Land Rover tech challenge for schools addresses STEM skills shortage
Land Rover 4×4 ‘In Schools Technology Challenge’ aims find the digital skill set needed in future talent to offset global STEM skills shortage by 2023.
Self-driving cars will require an estimated one billion lines of computer code – almost 1,000 times more than the 145,000 lines required by NASA to land Apollo 11 on the moon. To meet the growing need for more coders to deliver these future autonomous and connected vehicles, Jaguar Land Rover has again launched its technology challenge in schools, looking to inspire the next generation of software engineers.
The talented teenagers competing in 2019’s Land Rover 4×4 In Schools Technology Challenge world finals – a global education initiative aimed at encouraging young people to take up STEM careers – were able to write 200 lines of code in just 30 minutes to successfully navigate a scale model Range Rover Evoque around a 5.7-metre circuit.
David Lakin, Head of Education from the Institution of Engineering and Technology (IET), said: “We’re in the midst of a digital skills shortage – the UK alone requires more than one million software engineers to fill the growing demand for roles requiring a knowledge of coding, software engineering or electronics. Digital skills are vital to the economy, which is why the IET is proud to support initiatives like the Land Rover 4×4 In Schools Technology Challenge to ensure we inspire, inform and develop future engineers and encourage diversity across STEM subjects from a young age. If we are to safeguard jobs for the next generation, we must equip the workforce of the future with the skills they will need to engineer a better world.”
As of 2018, there were 23-million software developers worldwide but this population is expected to grow to 27.7 million by 2023, with World Economic Forum research suggesting 65 per cent of students will end up working in jobs that don’t currently exist.
In 2019, Jaguar Land Rover will launch a new Digital Skills Apprenticeship programme to attract the brightest computer engineers to help code its next-generation electric, connected and autonomous vehicles and support the factories of the future.
Nick Rogers, Executive Director of Product Engineering at Jaguar Land Rover, said: “Computer engineering and software skills are more important than ever in the rapidly changing automotive industry, and that will only increase as we see more autonomous, connected and electric vehicles on the roads. The UK will need 1.2 million more people with specialist digital skills by 2022, and as a technology company, it’s our job to help inspire and develop the next generation of technically curious and pioneering digital engineers. The Land Rover 4×4 In Schools Technology Challenge is just one of the ways we are doing this, as well as our new Digital Skills Apprenticeship programme we are launching this year.”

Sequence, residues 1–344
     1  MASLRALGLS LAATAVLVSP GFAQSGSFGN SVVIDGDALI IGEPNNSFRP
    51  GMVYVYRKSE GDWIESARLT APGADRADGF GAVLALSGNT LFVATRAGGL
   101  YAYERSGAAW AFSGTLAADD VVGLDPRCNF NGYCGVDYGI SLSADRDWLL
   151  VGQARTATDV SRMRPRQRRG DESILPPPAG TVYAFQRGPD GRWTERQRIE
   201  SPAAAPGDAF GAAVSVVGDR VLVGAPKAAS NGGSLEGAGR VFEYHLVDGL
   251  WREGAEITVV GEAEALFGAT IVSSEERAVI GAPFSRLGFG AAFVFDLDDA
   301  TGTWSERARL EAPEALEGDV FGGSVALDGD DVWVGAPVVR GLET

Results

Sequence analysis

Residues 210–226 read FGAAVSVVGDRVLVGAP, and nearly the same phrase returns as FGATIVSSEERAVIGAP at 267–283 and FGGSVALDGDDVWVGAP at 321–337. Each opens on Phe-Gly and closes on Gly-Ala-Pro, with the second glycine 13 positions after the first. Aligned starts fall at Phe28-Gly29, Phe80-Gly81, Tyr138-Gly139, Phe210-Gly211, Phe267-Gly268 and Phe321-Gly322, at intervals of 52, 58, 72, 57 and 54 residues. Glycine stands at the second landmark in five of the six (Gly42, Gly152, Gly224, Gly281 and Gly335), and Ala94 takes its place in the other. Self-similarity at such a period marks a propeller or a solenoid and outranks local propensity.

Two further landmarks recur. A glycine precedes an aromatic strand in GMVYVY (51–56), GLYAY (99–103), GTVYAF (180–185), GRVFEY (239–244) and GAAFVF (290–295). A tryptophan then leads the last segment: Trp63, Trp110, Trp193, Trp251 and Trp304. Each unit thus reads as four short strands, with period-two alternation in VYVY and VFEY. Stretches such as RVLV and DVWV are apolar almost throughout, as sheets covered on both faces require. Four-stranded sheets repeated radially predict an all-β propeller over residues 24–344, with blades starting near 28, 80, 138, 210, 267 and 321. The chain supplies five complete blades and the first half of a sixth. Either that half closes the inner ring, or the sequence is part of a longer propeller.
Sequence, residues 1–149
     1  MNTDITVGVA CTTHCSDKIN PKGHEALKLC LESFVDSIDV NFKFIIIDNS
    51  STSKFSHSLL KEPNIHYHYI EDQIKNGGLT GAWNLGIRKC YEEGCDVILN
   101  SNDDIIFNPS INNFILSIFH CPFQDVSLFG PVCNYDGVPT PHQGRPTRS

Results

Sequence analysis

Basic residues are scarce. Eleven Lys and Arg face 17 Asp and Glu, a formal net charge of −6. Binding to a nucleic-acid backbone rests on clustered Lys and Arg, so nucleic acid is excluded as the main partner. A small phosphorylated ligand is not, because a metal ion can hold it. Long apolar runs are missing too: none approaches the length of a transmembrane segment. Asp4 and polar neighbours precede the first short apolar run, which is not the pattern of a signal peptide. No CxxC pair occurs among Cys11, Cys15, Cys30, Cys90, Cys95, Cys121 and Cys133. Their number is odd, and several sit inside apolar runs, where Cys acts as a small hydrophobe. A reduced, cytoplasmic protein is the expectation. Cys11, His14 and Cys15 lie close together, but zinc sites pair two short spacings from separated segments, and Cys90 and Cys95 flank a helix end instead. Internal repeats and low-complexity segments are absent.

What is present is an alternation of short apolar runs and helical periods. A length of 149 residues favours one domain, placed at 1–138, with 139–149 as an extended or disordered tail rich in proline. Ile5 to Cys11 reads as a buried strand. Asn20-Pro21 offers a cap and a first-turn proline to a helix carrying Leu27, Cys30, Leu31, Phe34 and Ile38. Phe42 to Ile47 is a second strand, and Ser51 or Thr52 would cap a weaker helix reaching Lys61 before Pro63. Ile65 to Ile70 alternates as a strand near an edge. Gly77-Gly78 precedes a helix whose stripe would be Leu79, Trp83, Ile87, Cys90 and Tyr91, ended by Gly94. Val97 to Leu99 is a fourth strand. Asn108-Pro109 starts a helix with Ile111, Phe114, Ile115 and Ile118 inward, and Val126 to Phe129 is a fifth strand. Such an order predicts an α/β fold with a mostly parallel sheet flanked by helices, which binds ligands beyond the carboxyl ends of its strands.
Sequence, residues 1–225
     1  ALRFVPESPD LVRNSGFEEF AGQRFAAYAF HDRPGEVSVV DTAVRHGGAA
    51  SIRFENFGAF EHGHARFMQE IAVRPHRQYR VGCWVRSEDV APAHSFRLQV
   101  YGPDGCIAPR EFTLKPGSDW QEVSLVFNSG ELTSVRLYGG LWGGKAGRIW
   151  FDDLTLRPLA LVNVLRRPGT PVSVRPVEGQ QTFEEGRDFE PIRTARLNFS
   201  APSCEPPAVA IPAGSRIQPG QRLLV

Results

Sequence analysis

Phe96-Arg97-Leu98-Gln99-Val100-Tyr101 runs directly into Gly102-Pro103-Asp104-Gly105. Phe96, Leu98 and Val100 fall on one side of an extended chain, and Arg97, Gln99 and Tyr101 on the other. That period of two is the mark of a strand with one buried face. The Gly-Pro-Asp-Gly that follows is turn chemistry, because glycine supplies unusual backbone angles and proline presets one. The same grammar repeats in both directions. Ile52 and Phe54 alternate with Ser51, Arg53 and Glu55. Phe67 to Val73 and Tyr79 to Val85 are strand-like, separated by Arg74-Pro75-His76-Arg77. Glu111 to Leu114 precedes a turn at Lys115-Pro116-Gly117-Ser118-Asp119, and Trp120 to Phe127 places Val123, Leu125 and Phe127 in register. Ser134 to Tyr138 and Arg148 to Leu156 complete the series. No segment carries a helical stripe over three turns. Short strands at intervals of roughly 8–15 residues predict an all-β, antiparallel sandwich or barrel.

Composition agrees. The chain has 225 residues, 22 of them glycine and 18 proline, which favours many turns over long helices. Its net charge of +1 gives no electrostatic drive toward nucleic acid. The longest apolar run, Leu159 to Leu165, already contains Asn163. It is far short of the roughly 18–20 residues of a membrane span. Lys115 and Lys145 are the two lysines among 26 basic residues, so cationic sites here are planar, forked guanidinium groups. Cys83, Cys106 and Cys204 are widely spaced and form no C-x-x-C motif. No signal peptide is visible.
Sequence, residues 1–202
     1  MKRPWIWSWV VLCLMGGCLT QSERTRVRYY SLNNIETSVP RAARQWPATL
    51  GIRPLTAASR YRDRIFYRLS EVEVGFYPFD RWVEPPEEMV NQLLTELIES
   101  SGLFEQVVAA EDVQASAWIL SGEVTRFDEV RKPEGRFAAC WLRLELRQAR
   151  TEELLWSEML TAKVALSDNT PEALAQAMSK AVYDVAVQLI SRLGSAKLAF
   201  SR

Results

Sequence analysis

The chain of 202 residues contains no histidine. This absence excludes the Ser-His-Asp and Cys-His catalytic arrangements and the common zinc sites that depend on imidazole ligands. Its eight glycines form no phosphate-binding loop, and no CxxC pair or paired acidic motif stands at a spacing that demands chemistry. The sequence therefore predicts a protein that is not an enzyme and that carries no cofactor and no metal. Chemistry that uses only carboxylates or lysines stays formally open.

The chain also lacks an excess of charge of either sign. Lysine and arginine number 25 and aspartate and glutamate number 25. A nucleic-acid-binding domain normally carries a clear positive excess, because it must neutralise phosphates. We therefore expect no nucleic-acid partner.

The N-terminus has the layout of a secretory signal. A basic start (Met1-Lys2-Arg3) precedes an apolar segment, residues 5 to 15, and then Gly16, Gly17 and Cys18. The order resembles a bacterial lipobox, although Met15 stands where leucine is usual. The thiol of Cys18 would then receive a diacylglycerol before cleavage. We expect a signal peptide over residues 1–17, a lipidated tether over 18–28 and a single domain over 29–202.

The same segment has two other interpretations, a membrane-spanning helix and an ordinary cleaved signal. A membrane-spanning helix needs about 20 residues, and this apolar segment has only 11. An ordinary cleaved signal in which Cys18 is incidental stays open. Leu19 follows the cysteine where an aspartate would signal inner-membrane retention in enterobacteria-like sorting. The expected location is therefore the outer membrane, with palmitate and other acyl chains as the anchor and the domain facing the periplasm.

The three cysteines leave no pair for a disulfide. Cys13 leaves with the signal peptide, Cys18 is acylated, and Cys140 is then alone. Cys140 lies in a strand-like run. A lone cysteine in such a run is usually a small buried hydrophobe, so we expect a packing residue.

The Land Rover 4×4 in Schools programme has helped the company reach more than four million young people since 2000. This year 110 students from 14 countries qualified for the world finals held at the University of Warwick, with NewGen Motors team from Greece lifting the trophy following two intensive days of competition.
Mark Wemyss-Holden, former teacher and Curriculum Content Developer, said: “Coding is high on the agenda across industry and teachers do a fantastic job delivering the curriculum, but schools have competing priorities and are hamstrung by limited budgets and time. The private sector, and programmes like Land Rover 4×4 In Schools, have a real opportunity to bridge the gap between what learners enjoy studying and how that translates into a future career.”
John Cormican, General Manager for Vehicle Engineering, Shannon, said: “Shannon has an important role to play in realising the company’s vision for autonomous and connected vehicles, but we can not deliver this future without the very best minds – individuals who could write the next chapter for Jaguar Land Rover. It’s fantastic to see the company taking such an innovative approach towards investing in the next generation.”